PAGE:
Ghoti Or Bangal, The Bengali Food Narrative Should Be One...

Early on in our marriage, I learnt that not only were there differences in my native Odia and Bengali (my husband’s native) cuisines, there was another unspoken divide (for want of a better word) within the latter, between the cuisines of Ghotis, those belonging to West Bengal,  and Bangals, who belonged to erstwhile East Bengal, now Bangladesh. 

My father-in-law was from Bagerhat, which is now in Bangladesh, while my mother-in-law was from Howrah, West Bengal. And though unfortunately I did not have the privilege of meeting the former as he died early, I did hear of the differences in styles of cooking from my mother in law, every now and then.  At our present home in Hyderabad, we eat like most modern nuclear families, a combination of North-South Indian, Odia, Bengali, Maharashtrian or Hyderabadi (the latter two courtesy our Muslim maid who is a Maharashtrian) so I have never really paused to reflect on the differences between Ghoti and Bangal styles of cooking. I mean, I know that the Ghotis are fond of using sugar in their cooking and posto too, while the Bangals love their Padma Nodir hilsa, chillies, and shukti maach or dried fish.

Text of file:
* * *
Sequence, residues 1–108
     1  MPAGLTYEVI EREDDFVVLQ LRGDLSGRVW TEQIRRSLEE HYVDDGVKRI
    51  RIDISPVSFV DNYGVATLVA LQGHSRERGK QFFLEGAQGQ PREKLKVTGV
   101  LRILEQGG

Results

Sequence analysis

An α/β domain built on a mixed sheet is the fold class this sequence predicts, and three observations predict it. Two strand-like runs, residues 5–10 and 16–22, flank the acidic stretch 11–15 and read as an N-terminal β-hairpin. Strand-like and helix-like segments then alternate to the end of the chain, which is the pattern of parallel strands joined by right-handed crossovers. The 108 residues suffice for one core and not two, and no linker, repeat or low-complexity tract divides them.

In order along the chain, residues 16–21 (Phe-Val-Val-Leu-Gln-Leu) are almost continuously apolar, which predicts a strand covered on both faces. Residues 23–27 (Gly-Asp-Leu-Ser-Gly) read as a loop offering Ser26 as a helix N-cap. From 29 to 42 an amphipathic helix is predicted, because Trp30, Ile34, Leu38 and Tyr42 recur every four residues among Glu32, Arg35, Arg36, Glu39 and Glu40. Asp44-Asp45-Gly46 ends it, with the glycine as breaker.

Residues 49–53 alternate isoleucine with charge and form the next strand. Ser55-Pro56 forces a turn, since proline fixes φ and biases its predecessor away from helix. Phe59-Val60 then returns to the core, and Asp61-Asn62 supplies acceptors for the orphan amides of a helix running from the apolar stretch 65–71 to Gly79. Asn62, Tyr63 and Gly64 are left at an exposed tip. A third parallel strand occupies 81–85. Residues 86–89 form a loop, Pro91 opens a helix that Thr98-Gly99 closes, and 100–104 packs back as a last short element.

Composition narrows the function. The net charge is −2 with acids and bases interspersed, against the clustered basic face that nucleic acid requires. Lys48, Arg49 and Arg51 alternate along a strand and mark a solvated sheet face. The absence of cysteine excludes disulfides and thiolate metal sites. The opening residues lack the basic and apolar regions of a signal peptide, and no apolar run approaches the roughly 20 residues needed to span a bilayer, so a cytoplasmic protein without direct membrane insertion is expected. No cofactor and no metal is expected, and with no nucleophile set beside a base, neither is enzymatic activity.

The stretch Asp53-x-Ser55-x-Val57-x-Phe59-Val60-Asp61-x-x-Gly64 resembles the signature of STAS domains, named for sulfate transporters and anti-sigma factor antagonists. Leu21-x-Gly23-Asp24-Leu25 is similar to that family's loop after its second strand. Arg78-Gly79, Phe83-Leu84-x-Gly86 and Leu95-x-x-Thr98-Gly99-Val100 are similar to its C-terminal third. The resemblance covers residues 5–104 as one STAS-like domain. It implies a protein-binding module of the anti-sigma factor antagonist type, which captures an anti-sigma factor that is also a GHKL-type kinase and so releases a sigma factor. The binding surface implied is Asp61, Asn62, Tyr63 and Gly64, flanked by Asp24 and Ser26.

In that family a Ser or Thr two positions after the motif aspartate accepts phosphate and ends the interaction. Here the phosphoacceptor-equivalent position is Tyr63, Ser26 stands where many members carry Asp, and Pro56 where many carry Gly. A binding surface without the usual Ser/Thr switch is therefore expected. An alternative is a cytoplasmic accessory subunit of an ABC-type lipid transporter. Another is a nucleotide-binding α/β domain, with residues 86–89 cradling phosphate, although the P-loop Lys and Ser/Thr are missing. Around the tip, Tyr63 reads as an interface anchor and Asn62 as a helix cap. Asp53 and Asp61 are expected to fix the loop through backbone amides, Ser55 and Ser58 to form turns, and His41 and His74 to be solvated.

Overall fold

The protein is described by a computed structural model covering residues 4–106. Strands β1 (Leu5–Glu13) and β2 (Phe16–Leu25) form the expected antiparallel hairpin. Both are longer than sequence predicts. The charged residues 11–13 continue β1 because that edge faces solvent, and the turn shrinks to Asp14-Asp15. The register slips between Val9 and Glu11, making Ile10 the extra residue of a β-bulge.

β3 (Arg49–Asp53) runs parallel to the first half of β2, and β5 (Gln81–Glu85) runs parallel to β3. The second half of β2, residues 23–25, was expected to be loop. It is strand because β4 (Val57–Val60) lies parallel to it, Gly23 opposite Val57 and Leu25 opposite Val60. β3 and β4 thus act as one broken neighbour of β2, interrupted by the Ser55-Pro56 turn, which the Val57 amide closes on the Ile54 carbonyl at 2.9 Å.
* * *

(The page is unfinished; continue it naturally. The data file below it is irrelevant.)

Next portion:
But how rare and distinct the Bangal cuisine can be was brought home to me at a Bengali New Year or Nobo Borsher food pop up at a star hotel recently.  The 24-hour dinery which goes by the apt name of Golkonda Pavilion, thanks to its bidri-inlaid columns, had a predominantly Bengali buffet and on it was a dish which looked deceptively like Posto but was titled Kumro Beej Baata, which roughly translated means Pumpkin Seed Paste. 

Intrigued, I tried some of it with some plain steamed rice and was rewarded with a distinct taste, creamy and sublime, but not quite having the grainy texture of posto. On inquiring, chef Apar Chatterjee, who is actually the Italian CDC at ITC Kohenur, Hyderabad, updated me that it was a family heirloom recipe of his mother in law who was originally from Bangladesh.  Pumpkin seeds are roasted first and after cooling, the outer shell is removed and the inner seed is ground on sil batta (for better taste) though a mixer-grinder these days is de rigeur, for how many of us own a grinding stone? After its ground into a paste with salt and freshly grated coconut (optional), a seasoning of mustard oil and green chillies is added, and lo and behold, the dish looks just like posto but tastes distinct! 

In fact, Posto is rarely used in Bangal cuisine, while it is a common dish in Ghoti kitchens, almost on a daily or at least weekly basis.